SPECIALISED CARE : NEPHRO + NUTRITION + EMERGENCY OBSTETRICS

Port au Prince – General Hospital The nephrology team did an initial handover to the Ministry of Health, with donations of materials and three dialysis machines to the nephrology unit in the general hospital. Currently, 30 chronic patients are receiving dialysis. Another five dialysis machines has been installed recently to increase capacity of the unit. A nephrologist came for one week to give specific trainings.

Carrefour stabilisation center for malnutrition: Stabilization center and ambulatory feeding center for severely malnourished children. There are currently 22 children hospitalized.

Carrefour Maternity Hospital: MSF supports this Ministry of Health structure with staff, fuel and supplies to run 24hr maternity/emergency obstetrics services.

Isaie Jeanty, Emergency Obstetrics Hospital: MSF is working in collaboration with the Ministry of health for the maternity and emergency obstetric care in this 85-bed Ministry of Health hospital. This is the main referral hospital for Port-au-Prince for complicated and eclampsia cases.

PRIMARY CARE

Port au Prince – Martissant: This MSF structure provides an emergency and stabilization center through an outpatient department and a 30-bed inpatient department. There is also a 15-bed maternity service. The center has seen more than 3892 consultations since the earthquake and 1967 dressings. More than 1000 trauma had been treated including 100 by violence.The team is preparing to move some patients back into the undamaged structure.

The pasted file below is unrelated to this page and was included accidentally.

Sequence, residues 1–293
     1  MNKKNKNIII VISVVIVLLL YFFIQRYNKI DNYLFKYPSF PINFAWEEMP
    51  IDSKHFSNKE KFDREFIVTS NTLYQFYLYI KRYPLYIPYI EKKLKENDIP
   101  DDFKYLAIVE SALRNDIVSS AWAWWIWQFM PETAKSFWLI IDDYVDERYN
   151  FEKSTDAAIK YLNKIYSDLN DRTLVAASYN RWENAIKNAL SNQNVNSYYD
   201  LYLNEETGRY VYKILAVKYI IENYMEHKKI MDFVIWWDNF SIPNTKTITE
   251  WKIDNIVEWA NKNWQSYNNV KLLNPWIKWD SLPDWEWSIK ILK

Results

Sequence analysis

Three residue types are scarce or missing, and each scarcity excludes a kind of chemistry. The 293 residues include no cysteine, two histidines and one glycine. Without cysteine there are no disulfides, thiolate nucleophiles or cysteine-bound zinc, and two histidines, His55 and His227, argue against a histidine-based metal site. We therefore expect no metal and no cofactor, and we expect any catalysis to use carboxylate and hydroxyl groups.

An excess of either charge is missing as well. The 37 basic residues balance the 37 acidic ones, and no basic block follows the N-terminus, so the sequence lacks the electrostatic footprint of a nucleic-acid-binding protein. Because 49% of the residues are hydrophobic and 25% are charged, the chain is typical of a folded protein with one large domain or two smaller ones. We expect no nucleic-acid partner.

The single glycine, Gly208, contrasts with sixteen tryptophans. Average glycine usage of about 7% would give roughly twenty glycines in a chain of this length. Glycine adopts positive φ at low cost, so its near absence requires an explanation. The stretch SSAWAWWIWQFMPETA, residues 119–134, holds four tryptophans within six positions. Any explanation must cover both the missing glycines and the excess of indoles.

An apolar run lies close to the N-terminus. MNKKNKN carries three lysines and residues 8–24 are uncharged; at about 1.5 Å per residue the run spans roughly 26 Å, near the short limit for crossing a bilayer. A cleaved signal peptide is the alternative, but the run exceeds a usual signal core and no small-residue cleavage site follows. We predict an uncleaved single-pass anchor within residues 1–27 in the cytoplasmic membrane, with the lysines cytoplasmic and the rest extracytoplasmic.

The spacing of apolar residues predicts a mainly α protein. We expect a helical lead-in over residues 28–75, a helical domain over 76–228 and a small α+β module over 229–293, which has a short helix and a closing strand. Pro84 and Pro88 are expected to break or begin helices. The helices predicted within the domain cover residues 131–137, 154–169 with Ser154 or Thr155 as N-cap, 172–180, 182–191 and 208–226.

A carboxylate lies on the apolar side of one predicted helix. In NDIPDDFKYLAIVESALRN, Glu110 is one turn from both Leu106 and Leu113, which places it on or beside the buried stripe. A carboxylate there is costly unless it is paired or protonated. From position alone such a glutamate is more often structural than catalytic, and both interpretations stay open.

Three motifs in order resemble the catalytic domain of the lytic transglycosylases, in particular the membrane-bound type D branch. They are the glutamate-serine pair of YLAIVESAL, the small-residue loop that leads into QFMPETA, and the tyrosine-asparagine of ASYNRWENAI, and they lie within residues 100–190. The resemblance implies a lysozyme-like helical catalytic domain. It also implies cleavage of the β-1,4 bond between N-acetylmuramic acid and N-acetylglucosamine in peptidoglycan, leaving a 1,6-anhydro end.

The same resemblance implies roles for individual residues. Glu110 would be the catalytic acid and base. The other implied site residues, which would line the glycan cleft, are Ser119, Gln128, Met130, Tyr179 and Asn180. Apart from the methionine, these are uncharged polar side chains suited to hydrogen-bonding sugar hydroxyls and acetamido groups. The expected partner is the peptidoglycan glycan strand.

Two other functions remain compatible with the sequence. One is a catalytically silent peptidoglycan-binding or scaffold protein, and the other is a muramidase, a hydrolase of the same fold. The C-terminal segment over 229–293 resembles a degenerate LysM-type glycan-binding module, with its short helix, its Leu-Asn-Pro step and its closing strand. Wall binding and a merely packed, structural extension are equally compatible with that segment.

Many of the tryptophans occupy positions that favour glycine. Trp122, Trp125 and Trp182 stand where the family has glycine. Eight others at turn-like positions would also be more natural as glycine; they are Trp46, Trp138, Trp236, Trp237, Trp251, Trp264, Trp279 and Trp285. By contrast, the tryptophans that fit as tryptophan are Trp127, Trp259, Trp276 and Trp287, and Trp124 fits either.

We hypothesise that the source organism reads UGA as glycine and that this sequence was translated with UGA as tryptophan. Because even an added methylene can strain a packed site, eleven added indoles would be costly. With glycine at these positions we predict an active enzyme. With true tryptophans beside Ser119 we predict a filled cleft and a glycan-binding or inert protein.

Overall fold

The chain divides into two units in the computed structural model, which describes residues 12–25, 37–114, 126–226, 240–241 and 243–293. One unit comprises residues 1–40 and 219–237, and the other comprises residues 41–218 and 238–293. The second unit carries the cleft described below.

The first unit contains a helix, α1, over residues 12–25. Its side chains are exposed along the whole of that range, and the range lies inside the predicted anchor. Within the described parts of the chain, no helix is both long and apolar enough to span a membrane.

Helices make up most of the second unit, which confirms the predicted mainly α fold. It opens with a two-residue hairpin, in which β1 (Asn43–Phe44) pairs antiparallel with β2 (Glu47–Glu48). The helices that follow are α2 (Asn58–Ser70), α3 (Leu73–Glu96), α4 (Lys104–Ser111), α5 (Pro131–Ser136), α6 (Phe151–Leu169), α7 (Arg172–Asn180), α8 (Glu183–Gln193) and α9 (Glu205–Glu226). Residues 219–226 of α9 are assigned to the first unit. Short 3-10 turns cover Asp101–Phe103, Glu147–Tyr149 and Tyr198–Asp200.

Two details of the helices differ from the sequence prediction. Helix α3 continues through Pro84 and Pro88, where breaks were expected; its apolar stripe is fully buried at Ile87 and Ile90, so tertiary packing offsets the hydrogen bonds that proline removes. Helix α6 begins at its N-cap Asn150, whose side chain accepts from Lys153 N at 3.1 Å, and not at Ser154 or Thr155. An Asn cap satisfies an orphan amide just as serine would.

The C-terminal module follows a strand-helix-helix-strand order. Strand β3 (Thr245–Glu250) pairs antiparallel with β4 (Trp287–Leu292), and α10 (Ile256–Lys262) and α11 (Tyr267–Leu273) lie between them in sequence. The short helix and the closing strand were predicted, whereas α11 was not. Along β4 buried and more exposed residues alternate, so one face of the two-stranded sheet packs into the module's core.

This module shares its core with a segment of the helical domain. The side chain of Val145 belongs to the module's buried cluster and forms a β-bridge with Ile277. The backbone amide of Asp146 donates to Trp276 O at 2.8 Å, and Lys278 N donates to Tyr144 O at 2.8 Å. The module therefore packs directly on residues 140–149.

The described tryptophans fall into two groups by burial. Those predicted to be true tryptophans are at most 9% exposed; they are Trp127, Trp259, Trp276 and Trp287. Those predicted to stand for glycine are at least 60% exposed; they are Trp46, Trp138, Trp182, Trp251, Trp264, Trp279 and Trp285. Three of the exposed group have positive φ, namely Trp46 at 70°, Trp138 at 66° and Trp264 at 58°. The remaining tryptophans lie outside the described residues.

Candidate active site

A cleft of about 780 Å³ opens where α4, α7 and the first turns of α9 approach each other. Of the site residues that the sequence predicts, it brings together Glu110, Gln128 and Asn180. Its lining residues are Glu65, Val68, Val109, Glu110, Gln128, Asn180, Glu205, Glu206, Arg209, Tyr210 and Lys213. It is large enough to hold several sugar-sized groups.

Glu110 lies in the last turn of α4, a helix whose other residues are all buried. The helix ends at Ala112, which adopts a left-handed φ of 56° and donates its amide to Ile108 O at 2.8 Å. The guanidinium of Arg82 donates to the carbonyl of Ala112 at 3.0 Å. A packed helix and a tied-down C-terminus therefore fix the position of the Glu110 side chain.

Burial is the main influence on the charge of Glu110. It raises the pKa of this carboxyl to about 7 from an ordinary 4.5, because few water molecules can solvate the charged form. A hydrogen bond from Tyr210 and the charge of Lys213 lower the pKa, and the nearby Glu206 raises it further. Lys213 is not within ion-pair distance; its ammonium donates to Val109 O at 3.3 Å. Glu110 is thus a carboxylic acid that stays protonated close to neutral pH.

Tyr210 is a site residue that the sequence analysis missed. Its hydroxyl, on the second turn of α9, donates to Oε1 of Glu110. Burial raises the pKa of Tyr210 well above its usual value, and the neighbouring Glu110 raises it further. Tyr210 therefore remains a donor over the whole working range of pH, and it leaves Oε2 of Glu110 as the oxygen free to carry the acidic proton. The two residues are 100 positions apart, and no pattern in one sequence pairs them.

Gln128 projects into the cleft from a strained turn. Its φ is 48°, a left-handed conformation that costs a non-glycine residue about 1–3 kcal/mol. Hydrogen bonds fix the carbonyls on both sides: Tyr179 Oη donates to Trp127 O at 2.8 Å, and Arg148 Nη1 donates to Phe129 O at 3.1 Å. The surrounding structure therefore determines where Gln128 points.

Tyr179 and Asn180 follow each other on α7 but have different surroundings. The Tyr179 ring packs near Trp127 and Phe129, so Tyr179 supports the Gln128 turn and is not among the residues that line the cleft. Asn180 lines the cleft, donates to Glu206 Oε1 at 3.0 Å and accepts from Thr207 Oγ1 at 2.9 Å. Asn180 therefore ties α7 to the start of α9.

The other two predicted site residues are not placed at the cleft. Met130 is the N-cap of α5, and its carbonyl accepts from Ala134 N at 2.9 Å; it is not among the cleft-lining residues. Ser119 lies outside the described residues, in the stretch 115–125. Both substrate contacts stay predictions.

Port au Prince – Delmas 24: A new health center opened on February 15 in the Delmas area of Port-au-Prince. About 150 consultations are offered every day. MSF plans to open five out patient departments in total in the Delmas area (including in Saint Louis Hospital and Delmas 24).

Saint-Louis OPD and ambulatory: Opened February 27; 120 consultations/day. Follow up of post op in ambulatory ( dressing, physio, mental health…)

Les Collines: OPD will open March 10.

Fort National/poste Marchand: OPD will open March 15.

Port-au-Prince – Site “Mickey”, Crèche angle rue Christ Roi et Bourdon: Outpatient structure performing between 120 and 170 consultations per day.

Port-au-Prince – “Tourism”, in front of the Champ de Mars: Outpatient activities began February 15; average of 160 consultations per day.

Leogane, Dufort and region: OPD is operational in the city of Leogane on the site of Hopital Sainte Croix. At the Dufort fixed clinic site, approximately 250 consultations are carried out each day, with referrals to Leogane when required. In addition, MSF teams are operating mobile clinic activities in 20 locations, between Gressier and Petit Goave. In total, 2,130 consultations were carried out last week.

Carrefour Feuille: A team of one nurse, three doctors and one midwife is running a tent clinic in a camp for 9,000 homeless people in the area. Main pathologies are now diarrhea, skin diseases, upper respiratory infections, fever, gyneco cases, traumas and increasing requests for psychological counseling. An average of 130 consultations are carried out per day. The team is performing dressing changes and providing vaccinations. Mental health services are also provided.